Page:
Conversely, the excited bandwidth can be shaped with great accuracy and almost arbitrarily by employing a LC as input signal, provided that the so-called time-bandwidth product of the chirp \( T \cdot B \) is large enough, and this is the usual case for forgings inspection. This means that the transducers can also be broadband, \( B_{\% } > 100, \) but the ultrasonic generated spectrum is determined by the chirp signal.

DGS diagrams were developed so far for PuE inspections, i.e. for single probe UT measurement setups. Hence, they cannot be applied to the PuC UT inspections, due to unique geometry of the dual probe measurement setup. In the following sections, the results of the numerical tools proposed here for DGS calculation are compared to the standard DGS diagrams, and the procedure of multifrequency DGS analysis is described as well.

3.1 Field Simulation and DGS Calculation

A numerical tool was developed to compute the DGS diagrams for arbitrary shapes and positions of both the transducers and the defects, thus allowing the DGS method to be applied in PuC procedures employing pitch-catch configuration. The numerical tool solves the Rayleigh Summerfield integral model of wave propagation by considering the “full-interference” case and piston transducers model [16]. The Tx, Rx and defects are discretized, and the amplitude of the echo due to a defect is calculated by coherently summing up the contributions of all possible paths Tx-defect–Rx, i.e. considering amplitude and phase of each contribution. The defect is assumed to behave as a perfect reflector and the surfaces of the transducers are considered perfectly rigids.

In Fig. 3, the DGS diagrams produced by using the numerical tool for a GE Krautkrämer’s B2S probe in PuE configuration are compared with those reported in the probe data sheet. The diagram obtained for the infinite reflector and the DGS diagrams for various disk reflectors in the far field matched perfectly with the vendor DGS curves. Instead, in the near field, the numerical DGS curves exhibits a series of local minima and maxima while the standard DGS diagrams are more regular.

Fig. 3
figure 3

a Standard AVG diagram for B2S transducer, taken from the official Krautkrämer’s datasheets. b AVG diagram obtained from the developed numerical tools. The evaluated diagram gives identical amplitude of both the backwall and disk reflectors at different locations in the far field, while deviates slightly in the nearfield in case of the small reflectors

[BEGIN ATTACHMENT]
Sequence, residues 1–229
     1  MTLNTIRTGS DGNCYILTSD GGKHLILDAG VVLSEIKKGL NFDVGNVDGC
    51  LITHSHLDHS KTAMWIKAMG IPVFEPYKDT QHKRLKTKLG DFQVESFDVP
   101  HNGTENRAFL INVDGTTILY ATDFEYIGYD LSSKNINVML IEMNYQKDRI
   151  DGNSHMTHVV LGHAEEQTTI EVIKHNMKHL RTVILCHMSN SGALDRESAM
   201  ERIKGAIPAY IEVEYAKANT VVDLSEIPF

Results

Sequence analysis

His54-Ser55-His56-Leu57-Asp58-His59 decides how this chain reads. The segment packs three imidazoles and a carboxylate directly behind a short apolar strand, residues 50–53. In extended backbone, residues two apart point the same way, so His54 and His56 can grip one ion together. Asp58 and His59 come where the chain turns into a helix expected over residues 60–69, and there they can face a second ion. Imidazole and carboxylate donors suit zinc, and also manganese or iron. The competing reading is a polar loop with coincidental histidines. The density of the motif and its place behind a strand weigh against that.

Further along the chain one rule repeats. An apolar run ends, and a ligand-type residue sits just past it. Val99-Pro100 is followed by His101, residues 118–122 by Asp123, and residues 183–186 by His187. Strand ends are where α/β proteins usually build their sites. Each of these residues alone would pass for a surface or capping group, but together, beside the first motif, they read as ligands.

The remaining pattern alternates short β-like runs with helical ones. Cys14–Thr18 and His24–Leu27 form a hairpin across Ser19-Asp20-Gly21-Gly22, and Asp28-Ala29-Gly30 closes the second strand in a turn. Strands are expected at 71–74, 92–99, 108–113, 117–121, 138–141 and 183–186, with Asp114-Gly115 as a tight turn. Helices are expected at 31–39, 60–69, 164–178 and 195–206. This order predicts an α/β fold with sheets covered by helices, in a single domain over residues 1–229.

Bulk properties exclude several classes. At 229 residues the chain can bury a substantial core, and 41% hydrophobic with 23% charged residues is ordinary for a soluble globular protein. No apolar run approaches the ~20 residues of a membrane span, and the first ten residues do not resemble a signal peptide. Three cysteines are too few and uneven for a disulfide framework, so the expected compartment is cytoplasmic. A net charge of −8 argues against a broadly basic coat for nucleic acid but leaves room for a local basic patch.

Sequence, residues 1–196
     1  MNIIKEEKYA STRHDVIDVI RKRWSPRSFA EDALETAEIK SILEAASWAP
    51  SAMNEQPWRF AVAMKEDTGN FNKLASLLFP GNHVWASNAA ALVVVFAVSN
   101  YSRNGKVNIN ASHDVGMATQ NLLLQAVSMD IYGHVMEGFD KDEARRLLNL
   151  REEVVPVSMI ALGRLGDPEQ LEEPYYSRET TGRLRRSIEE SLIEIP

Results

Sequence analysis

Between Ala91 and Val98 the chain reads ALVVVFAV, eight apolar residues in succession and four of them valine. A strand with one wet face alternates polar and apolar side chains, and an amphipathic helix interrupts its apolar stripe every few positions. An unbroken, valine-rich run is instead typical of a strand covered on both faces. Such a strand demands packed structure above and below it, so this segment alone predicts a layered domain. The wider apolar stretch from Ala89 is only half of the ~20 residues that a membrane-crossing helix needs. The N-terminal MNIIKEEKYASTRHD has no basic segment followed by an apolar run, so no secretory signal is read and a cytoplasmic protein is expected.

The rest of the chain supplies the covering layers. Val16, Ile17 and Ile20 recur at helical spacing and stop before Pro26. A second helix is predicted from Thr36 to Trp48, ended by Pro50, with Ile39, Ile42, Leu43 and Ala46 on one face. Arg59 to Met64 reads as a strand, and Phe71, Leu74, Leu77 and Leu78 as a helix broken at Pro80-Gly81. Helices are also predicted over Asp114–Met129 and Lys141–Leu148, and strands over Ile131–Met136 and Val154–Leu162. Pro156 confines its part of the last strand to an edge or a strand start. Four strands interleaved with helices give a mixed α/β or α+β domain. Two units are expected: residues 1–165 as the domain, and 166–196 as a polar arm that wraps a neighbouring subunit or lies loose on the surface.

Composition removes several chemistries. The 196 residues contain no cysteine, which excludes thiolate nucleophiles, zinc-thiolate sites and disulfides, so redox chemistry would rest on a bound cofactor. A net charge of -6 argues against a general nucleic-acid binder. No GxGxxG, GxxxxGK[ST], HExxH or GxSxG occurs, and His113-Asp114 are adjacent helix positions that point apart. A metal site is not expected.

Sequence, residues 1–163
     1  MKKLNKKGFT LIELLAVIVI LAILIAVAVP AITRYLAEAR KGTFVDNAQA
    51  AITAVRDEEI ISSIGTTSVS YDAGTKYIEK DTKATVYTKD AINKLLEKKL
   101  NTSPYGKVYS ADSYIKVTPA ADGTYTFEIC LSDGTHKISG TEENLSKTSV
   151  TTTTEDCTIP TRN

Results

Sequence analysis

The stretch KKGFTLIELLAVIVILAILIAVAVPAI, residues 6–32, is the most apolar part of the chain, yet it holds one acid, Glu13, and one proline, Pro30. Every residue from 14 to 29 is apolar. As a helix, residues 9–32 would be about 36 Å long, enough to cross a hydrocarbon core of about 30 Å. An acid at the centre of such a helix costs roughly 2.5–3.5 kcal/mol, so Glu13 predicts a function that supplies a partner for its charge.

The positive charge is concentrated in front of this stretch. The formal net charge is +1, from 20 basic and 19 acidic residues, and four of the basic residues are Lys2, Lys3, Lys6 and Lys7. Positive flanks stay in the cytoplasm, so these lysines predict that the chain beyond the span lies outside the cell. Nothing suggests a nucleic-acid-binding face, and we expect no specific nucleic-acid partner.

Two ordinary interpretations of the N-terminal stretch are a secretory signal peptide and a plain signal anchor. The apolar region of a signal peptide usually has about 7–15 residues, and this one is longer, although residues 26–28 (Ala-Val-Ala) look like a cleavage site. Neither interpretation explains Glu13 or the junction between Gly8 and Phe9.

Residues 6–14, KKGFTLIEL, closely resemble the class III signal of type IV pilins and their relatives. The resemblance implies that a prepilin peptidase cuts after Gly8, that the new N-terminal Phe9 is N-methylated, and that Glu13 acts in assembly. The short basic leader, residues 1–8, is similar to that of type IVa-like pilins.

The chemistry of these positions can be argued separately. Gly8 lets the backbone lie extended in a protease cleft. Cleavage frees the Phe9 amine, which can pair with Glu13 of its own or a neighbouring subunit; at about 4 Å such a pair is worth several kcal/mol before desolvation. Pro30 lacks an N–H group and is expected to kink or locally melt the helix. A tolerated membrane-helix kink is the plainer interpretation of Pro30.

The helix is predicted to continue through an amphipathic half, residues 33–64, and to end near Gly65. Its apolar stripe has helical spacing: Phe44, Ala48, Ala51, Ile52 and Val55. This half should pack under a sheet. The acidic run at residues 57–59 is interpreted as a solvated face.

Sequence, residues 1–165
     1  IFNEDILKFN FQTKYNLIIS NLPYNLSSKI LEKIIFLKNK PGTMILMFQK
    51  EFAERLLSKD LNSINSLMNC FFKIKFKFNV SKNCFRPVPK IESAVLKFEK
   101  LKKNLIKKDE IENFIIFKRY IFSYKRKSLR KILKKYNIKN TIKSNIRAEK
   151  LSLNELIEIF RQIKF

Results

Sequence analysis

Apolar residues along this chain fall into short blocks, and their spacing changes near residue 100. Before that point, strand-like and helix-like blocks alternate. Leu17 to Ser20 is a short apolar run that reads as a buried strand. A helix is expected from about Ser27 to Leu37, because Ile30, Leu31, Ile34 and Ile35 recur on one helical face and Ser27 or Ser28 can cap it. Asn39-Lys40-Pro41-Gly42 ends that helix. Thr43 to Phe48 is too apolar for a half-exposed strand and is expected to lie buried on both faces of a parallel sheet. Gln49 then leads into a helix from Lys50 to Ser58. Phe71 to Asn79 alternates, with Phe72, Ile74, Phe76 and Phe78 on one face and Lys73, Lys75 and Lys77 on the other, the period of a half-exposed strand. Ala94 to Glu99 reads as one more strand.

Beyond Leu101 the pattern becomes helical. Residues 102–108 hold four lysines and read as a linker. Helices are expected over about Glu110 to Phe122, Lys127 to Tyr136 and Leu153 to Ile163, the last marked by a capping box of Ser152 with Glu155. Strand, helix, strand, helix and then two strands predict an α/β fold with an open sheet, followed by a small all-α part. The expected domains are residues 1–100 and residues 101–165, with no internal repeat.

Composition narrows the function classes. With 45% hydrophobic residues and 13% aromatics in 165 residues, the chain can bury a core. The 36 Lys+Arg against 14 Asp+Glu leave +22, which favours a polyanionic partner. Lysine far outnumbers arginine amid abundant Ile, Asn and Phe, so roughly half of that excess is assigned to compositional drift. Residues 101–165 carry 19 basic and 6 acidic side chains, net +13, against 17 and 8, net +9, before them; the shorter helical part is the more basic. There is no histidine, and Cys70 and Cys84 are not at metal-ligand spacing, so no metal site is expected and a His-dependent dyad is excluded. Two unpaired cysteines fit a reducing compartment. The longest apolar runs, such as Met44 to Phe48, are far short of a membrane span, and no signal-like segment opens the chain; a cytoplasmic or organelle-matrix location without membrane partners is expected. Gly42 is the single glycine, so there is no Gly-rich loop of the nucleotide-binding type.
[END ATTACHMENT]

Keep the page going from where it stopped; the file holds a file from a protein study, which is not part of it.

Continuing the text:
This phenomenon is well known, and it was first discussed by Krautkrämer brothers [1, 18]: in numerical curves calculated at a single frequency, constructive and destructive interference is considered, and interference has a high impact especially for small defects in the near field. In practical applications, although sometimes visible, interference phenomena are less relevant due to the finite but non-null bandwidth of the transducers, which implies different interference locations for each frequency value leading to a resultant averaging effect. Moreover, it must be considered that real defects are not perfect reflectors as well as the propagating medium is not perfectly homogeneous. Increasingly, as a matter of fact, the equivalent defect size evaluation is made by considering not a single measurement point but a finite area of inspection. So, to remove the interference effects in probes’ datasheet, the DGS diagrams in the near field are usually established by experiment or by performing frequency and spatial averaging over the theoretical single-frequency calculated curves.

Figure 4 reports an example of this last approach and the related effect on destructive and constructive interference—it is shown that the averaged diagrams are very close to the experimental calculated ones in the near field.

Fig. 4
figure 4

Numerically evaluated AVG diagrams, where the problem of uncommon amplitude values of the small disk reflectors in the nearfield can be overcome by averaging the evaluated curves at several off-axis positions of the transducers

Once having verified the robustness of the tool for the calculation of DGS diagrams in PuE configuration, the DGS diagrams for two probes in pitch-catch used in the PuC procedures were evaluated. Figure 5 compares the single probe DGS diagrams of B2S probes with the DGS curves obtained for a pair of two B2S probes placed side-by-side. Note that here the probes’ case dimensions (45 mm of diameter) have been considered. In the near field, the DGS diagrams for pitch-catch configuration exhibit a lower sensitivity in PuC configuration than in PuE, meaning that the backwall echo or a defect echo gives a signal of less amplitude in the PuC case. However, the PuC and PuE sensitivity values become closer and closer as long as the distance of backwall or defects increases, almost coinciding in the far field.

Fig. 5